Jenna loves coffee and only dates Jewish people. The walk was filled with many silent moments. After offering to get me some coffee before our walk, Jenna and I quickly slipped into the north entrance of the park. With great awkwardness, I tried directing the discussion, but soon realized that she seemed fine with wandering quietly hand-in-hand.
So I let up. Took some breaths and just let the talking come and go. It was easy-going. The air stung.
I was surprised to see that I did not take many pictures of Jenna. Maybe I was scared to ask. Her hand was very comforting to hold. But also almost inappropriate. The more she didn’t give me attention, the more I wanted it. Still, I felt calm around her. At first I wanted to impress her, make her see how cool and dateable us Gentile folk could be, but I let that go. I had to let that go. This walk was about Jenna, not me.
“I don’t love myself yet.”
“It’s unfinished work,” she added without a beat.
Her pain was palpable. She did not smile often, but when she did, it was warm and bright. With Prospect Park’s winding paths, tunnels of trees, and secluded pockets, the walk felt long and faraway.
“I hate my dad…You have to hate to get past the pain.”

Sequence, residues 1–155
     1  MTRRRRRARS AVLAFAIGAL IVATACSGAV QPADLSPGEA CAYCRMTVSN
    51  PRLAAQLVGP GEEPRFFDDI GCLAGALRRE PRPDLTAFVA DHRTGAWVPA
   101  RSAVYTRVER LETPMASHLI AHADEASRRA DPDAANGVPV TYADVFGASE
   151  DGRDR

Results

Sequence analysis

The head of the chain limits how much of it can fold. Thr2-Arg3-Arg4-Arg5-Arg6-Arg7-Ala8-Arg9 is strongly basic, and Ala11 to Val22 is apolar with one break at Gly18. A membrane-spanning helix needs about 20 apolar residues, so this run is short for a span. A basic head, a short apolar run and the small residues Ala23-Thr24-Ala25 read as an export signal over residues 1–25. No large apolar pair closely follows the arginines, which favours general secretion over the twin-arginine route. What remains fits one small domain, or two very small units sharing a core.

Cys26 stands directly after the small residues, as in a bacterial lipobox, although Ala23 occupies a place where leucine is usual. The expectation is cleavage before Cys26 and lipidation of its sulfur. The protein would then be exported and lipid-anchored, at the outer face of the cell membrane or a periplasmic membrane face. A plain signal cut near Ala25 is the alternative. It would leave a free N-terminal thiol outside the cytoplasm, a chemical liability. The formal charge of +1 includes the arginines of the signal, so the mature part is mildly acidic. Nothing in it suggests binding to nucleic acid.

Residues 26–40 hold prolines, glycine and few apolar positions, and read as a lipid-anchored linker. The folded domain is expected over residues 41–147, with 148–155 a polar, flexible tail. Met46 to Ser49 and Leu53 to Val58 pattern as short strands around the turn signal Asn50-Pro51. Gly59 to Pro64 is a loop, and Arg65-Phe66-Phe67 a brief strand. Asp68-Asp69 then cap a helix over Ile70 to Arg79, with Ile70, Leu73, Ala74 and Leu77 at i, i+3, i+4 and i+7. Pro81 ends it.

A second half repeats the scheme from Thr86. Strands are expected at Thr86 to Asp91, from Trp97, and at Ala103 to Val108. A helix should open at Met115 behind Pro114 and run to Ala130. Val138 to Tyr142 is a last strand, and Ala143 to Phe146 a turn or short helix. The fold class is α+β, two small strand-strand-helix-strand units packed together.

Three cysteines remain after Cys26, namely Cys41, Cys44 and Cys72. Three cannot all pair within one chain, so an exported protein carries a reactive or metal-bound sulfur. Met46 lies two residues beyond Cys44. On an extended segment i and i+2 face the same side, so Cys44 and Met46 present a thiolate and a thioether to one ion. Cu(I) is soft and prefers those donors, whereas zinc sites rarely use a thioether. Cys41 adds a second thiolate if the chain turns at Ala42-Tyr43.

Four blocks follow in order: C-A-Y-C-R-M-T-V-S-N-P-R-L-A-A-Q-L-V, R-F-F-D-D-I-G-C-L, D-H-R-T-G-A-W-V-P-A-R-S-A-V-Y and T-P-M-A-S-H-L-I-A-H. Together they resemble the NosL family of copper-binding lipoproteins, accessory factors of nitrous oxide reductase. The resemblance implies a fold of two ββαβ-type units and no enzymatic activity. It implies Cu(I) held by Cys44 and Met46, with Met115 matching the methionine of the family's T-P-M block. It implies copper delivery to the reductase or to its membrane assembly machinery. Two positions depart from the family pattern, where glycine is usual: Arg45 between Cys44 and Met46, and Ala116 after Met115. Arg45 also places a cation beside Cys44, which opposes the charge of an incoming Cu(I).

My mind wandered a lot and I felt a great sadness for Jenna that mixed in with my own grief. I loved her honesty and the way she was very deliberate in everything she said. Neither of us seemed willing to push the conversation forward. I’d think, “Should I ask her a question now or just let it sit?”
Do you believe in love?
“Yes,” she said, “in the moment.” But we cannot build it up because it is always there. We are immersed in it, she explained.
I imagined the endless amounts of love surrounding us. I filled my imaginary cup with all the different forms of love, between people, friends, family, nature…but it all seeped and sifted through. I still want to possess it. Declare Love from others and call it mine—more unfinished work.
What do you hate?
“Styrofoam,” she replied.”I hate styrofoam. The sound, the carcinogens, [the fact] that it will live longer than me.”
Jenna works with children with Autism; she wears a ring from Israel that she cherishes; and if she could be any animal, it would be a hummingbird. Though she shared only a little about her life to me, each fact weighed heavy in sincerity.
We sat for a while on a bedrock-like tree stump, people watching. The old tree’s roots wrapped around the edge of the path, lifting us above the scene below. I felt like a kid again with a hiding spot. Jenna told me she like to write too. Poetry.
I asked her to make a poem on the spot.
A walk in the park
A lovely hand to grab hold
It’s cold but so warm
So cold yet so warm
11/22/14. Prospect Park.